From The Editor | February 24, 2015

"Virtual" Recruitment Roundtable: Keeping Clinical Trial Recruitment Timely

By Anna Rose Welch, Editorial & Community Director, Advancing RNA

time management

Ensuring that sponsors and investigative sites are on the same page when it comes to recruitment is one of the key issues standing in the way of a timely trial. In this segment of Clinical Leader’s “virtual” roundtable, our recruitment experts discuss some of the tactics sponsors can turn to in order to open up communication with sites and ensure that timely recruitment is a priority for all involved.  

AR Welch: Which aspect(s) of the recruitment process is/are the most difficult to achieve or plan for, and what could be done to address these issues early and avoid bottlenecks?

Patient recruitment begins with identification of the correct sites; so, having a thorough understanding of the strengths and weaknesses — as well as the motives for participation — of each investigator in your site network is of prime importance. It’s also vital to recognize that each trial, each situation, is unique. You have to be in a position to respond to changing conditions, including increasing competition for patients, in order to recruit both sites and patients and get the trials started on time. — Marc Hoffman, MD, CMO, Theorem

Much of the success a sponsor has on recruitment programs comes down to the performance of the investigative sites. There are many potential factors that influence a site’s ability to enroll patients effectively and on time, including site enthusiasm, investigator interest, competing studies, number of studies the site is conducting (which impacts CRC availability), patient sources, and referral patterns. Sponsors need to ensure that sites have the support necessary to be successful. It’s important to ask sites about their experience working with external recruitment support providers and gauge their openness to this type of support. Indeed, a growing number of sponsors are bringing on recruitment service providers to develop centralized multi-faceted campaigns designed to support sites in their recruitment efforts. Sponsors can also play a significant role in site success as well by adjusting their expectations for sites, both operationally and contractually. During the contract process, sponsors can mandate things like:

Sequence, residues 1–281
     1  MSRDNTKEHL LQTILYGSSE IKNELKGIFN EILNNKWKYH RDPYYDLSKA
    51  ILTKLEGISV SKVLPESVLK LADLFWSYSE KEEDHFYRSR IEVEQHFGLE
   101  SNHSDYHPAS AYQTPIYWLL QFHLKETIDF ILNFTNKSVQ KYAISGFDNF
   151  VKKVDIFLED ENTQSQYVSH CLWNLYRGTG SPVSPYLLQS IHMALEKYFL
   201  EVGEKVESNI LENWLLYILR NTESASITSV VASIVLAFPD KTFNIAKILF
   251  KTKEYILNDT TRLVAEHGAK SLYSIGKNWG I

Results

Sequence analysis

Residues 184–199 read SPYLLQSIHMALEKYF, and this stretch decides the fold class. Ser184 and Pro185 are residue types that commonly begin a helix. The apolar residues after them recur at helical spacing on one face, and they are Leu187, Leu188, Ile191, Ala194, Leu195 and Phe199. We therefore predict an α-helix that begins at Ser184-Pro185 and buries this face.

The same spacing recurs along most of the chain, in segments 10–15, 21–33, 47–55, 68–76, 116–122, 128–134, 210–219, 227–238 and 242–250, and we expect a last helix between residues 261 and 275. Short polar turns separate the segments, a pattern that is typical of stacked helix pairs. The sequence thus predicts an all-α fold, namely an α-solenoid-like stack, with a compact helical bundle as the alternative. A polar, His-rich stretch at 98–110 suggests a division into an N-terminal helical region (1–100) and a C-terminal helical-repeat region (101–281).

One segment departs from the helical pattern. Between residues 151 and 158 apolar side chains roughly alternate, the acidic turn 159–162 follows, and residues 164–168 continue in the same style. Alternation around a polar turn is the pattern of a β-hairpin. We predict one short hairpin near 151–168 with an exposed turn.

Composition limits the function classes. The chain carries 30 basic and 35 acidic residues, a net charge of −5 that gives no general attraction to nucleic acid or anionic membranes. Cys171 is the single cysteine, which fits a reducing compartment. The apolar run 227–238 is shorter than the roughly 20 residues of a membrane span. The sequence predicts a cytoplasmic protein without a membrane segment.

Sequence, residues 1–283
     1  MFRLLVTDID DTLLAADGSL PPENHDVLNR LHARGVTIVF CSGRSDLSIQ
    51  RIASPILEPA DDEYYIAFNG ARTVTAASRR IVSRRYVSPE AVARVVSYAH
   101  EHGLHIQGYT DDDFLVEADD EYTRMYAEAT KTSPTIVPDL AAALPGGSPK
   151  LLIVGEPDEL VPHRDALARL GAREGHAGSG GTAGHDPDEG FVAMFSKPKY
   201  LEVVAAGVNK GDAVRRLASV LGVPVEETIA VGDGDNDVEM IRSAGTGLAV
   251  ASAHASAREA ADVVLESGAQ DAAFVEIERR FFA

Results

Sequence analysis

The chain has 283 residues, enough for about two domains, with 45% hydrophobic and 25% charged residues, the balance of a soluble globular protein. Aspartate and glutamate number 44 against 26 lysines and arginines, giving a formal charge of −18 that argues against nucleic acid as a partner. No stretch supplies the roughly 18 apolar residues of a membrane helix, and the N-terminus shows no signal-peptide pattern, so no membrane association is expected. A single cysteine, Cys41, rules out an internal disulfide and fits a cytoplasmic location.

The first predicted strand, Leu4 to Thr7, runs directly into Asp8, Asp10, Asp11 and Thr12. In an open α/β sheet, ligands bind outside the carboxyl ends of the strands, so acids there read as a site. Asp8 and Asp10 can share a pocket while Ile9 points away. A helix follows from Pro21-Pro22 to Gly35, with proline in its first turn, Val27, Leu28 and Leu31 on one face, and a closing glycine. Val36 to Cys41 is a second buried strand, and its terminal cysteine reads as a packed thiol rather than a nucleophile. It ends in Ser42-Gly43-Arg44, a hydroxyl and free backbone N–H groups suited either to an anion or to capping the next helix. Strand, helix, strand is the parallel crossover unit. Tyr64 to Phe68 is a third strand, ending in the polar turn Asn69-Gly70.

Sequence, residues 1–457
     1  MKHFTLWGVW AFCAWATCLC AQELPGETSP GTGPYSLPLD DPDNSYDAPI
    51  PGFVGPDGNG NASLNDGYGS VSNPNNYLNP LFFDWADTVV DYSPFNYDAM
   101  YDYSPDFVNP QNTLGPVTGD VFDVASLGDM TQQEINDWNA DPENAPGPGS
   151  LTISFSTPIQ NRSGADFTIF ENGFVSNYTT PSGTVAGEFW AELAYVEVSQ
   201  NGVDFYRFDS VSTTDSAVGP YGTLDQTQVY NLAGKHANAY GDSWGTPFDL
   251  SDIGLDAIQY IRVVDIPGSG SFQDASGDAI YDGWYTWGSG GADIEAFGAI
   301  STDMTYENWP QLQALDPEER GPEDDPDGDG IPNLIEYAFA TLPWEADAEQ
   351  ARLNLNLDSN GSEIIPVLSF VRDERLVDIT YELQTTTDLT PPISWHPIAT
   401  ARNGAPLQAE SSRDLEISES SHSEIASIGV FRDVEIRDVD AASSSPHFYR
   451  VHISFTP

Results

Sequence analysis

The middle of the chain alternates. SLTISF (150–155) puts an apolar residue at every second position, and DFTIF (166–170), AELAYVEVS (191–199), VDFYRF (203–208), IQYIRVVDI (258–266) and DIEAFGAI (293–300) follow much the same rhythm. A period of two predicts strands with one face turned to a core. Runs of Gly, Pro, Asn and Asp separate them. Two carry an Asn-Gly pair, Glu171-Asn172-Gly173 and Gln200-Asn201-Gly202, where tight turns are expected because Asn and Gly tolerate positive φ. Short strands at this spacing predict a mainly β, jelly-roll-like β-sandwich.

• Sites must utilize the services being provided by the external recruitment provider
  • Sites must respond to any inbound inquiries and referrals within 48 hours
  • Sites must update enrollment reports with the recruitment provider on a weekly basis

— Dan McDonald, director, business development, DAC Patient Recruitment Services

Sponsors have a hard time planning for the attrition that can happen at the site level once patients have been recruited, pre-qualified, and sent directly to sites for further vetting. There is too much expectation that the ratio of referred-to-randomized patients is a one-to-one correlation.  If sites are actively engaged in the recruitment effort, the cost per randomized patient will decrease significantly. If sites are disengaged, feel that the study is too difficult, or have higher paying studies under way, referral processing will suffer, which leads to a much higher cost per randomized patient. Sponsors need to be tactfully assertive with sites from the beginning so that sites understand that properly supporting the patient recruitment effort is required to help both the site and the overall study. — Roger Smith, SVP, global clinical operations, Acurian

Not all patients who are interested, willing, and referred to an investigator site show up for their screening visit. It may help to provide prompt follow-up reminders directly to patients via their preferred opt-in method and to offer travel assistance to patients and caregivers. Screening patients at investigator sites is not always practical, so creating a model for study screening at home or at a pharmacy near a patient and caregiver may speed enrollment. At times, protocol amendments could require alterations to recruitment strategies and tactics, which may take weeks or longer to implement and have an effect on recruitment trajectory. Prospective stress-testing of various IE criteria and protocol scenarios should be done to determine a range of recruitment timeline durations. — Kurt Mussina, VP and general manager, Frenova Renal Research

Tune into the other articles in this "virtual" roundtable below: